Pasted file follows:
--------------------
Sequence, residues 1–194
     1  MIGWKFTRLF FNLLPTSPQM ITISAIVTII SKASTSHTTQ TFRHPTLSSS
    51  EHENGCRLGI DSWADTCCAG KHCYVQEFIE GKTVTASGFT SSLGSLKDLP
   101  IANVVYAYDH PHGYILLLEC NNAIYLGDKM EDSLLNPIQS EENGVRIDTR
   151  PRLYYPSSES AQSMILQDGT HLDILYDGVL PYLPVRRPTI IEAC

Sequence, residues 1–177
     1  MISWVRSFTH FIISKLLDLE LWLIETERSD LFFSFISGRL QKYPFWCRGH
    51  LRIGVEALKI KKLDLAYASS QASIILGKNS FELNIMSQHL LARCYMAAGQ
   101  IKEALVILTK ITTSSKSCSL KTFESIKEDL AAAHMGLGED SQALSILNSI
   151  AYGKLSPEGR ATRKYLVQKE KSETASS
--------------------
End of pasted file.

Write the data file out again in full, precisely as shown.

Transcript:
Sequence, residues 1–194
     1  MIGWKFTRLF FNLLPTSPQM ITISAIVTII SKASTSHTTQ TFRHPTLSSS
    51  EHENGCRLGI DSWADTCCAG KHCYVQEFIE GKTVTASGFT SSLGSLKDLP
   101  IANVVYAYDH PHGYILLLEC NNAIYLGDKM EDSLLNPIQS EENGVRIDTR
   151  PRLYYPSSES AQSMILQDGT HLDILYDGVL PYLPVRRPTI IEAC

Sequence, residues 1–177
     1  MISWVRSFTH FIISKLLDLE LWLIETERSD LFFSFISGRL QKYPFWCRGH
    51  LRIGVEALKI KKLDLAYASS QASIILGKNS FELNIMSQHL LARCYMAAGQ
   101  IKEALVILTK ITTSSKSCSL KTFESIKEDL AAAHMGLGED SQALSILNSI
   151  AYGKLSPEGR ATRKYLVQKE KSETASS